No Sex Drive After Baby?

It’s normal for a new mom to feel like sex is low on her priority list. After all, she is spending all of her energy nursing, napping and rocking a baby.

During pregnancy, a woman’s reproductive hormones are elevated, but after she gives birth, these levels crash. This can cause vaginal dryness and a low libido.

Stress

Many new moms find that their sex drive takes a nosedive because they’re just so darn stressed. From a lack of sleep to juggling work and childcare to figuring out how the heck they’re supposed to do this whole motherhood thing, it can be hard to find time for anything else, let alone sex.

There’s also the fact that most newborns are fussy and scream for their mamas for long stretches of time, which can leave a woman feeling tired and uninterested in her partner. Combined with a dip in estrogen and vaginal dryness (especially when breastfeeding), that can make sex feel uncomfortable and unpleasant.

But there’s a good reason for low libido postpartum: When you’re pregnant, your reproductive hormone levels are at all-time highs, but after you give birth they quickly crash to premenopausal levels, causing a drop in sex drive and uncomfortable vaginal dryness that can make sex seem unpleasant or painful. It’s evolution’s way of ensuring that you take care of your new baby and don’t get pregnant again before your body is ready to have another one.

See also:  Can You Die From Too Much Sex?

If you and your partner are still interested in sex, then the key is to be patient, talk openly about how you’re both feeling, and try some things that may help. With a little patience, romance and some provider-approved lubrication, it’s likely that your desire for each other will return.

Breastfeeding

A woman’s body is busy recovering from childbirth, producing milk if she is breastfeeding (which requires more of your attention than the rest of your hormones), and if she had a C-section or other complications, healing from physical trauma. If she also has to focus on her relationship with her partner, it’s not surprising that a new mom may want to put sex near the bottom of her to-do list, or even out of the picture entirely.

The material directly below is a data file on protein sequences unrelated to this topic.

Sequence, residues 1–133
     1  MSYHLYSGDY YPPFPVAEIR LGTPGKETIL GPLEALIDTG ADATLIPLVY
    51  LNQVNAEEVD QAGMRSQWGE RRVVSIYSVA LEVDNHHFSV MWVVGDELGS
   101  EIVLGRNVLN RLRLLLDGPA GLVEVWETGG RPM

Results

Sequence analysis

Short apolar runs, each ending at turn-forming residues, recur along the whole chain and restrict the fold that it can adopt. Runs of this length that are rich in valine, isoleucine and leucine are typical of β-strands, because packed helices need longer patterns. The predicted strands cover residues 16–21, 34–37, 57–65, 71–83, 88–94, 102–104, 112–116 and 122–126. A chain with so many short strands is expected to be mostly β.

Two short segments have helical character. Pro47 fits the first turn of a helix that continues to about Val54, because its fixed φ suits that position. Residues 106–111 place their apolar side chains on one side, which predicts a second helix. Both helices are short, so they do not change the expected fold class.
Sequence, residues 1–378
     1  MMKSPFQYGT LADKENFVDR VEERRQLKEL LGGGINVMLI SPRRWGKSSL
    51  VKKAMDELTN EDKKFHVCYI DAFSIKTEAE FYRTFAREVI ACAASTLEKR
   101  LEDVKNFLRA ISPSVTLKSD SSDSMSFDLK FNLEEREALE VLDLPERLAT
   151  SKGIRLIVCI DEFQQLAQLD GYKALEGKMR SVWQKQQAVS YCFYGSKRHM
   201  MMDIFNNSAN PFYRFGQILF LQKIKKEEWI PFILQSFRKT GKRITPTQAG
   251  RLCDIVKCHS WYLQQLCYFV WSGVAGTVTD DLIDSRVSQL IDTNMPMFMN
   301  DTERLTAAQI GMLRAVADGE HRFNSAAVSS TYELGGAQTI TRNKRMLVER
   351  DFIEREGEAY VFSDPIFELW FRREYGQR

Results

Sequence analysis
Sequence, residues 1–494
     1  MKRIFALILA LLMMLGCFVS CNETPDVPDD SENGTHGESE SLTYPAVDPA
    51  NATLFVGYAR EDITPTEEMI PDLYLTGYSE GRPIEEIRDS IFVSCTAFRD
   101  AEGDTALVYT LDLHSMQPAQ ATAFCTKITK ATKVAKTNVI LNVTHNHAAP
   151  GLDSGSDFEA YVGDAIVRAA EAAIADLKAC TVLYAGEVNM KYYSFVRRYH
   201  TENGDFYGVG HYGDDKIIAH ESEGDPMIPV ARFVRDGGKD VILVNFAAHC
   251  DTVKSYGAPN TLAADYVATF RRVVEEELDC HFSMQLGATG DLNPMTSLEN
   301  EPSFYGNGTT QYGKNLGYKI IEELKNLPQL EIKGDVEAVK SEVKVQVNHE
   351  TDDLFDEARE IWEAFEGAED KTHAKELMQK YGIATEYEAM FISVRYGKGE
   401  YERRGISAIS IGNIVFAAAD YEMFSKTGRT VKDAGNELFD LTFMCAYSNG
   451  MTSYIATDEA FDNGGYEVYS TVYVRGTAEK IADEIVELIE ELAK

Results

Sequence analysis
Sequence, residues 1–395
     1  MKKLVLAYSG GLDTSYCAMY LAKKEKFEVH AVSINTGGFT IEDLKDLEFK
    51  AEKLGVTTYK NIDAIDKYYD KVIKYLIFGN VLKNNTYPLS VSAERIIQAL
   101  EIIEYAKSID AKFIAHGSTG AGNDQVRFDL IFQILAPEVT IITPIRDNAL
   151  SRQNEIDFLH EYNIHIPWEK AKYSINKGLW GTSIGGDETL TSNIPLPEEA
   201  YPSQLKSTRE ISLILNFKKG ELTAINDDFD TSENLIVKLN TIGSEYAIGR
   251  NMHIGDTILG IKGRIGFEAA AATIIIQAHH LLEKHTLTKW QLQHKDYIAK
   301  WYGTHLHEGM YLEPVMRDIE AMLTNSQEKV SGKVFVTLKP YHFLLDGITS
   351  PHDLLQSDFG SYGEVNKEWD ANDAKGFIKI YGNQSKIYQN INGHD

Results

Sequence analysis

When a woman and her partner are ready to resume intimacy, it’s important that they make the time. Making sex a priority will help both women and men avoid problematic dynamics in which he wants to have sex but she’s not interested, for any number of reasons—ranging from being tired to worrying about changes to her body to simply feeling unenthusiastic.

See also:  How Does a Pap Smear Test Detect Sexually Transmitted Diseases (STDs)?

A low libido post-baby is also due to the hormone prolactin. This hormone prepares your breasts for breastfeeding, but it depresses libido. Once again, evolution is at work: your body is focusing on the biological investment it just made in the baby so that it will survive and pass on its genes. Fortunately, prolactin levels drop quickly once breastfeeding is over. Then your libido can return to pre-pregnancy levels. But it can take a while to get there—sometimes as long as a year or more.

Time

It can be hard to find time to get intimate with your partner when your focus is on a new little one. Keeping up with housework, naps and feedings, and a social life can make sex seem like something you’ll do later – not the first thing on your list. If your sex drive has gone on hiatus, you may want to discuss it with your partner and try to schedule intimate time.

Hormonal changes and fatigue are major contributors to decreased libido after baby. After carrying your bundle of joy for nine months, delivering them and nursing them if you’re breastfeeding, and adjusting to your role as a mother, you’ll be exhausted. In addition to this, hormonal cascades can leave you with lowered estrogen levels that can lead to vaginal dryness and a decreased desire for intimacy.

See also:  Why Do I Get a Yeast Infection Every Time I Have Sex?

It can take anywhere from a few weeks to a year for some women to return to their normal libido after having babies. But it’s important to remember that this is a temporary change and your libido will likely increase again. Until then, you and your partner can connect through nonsexual physical intimacy, such as kissing, cuddling and holding hands. You can also engage in sexually stimulating activities, like oral sex or mutual masturbation. Just make sure you have lubrication on hand and don’t push through any pain or discomfort.

See Also:

Rogger

ad516503a11cd5ca435acc9bb6523536?s=150&d=mm&r=gforcedefault=1

Photo of author

Rogger

Leave a Comment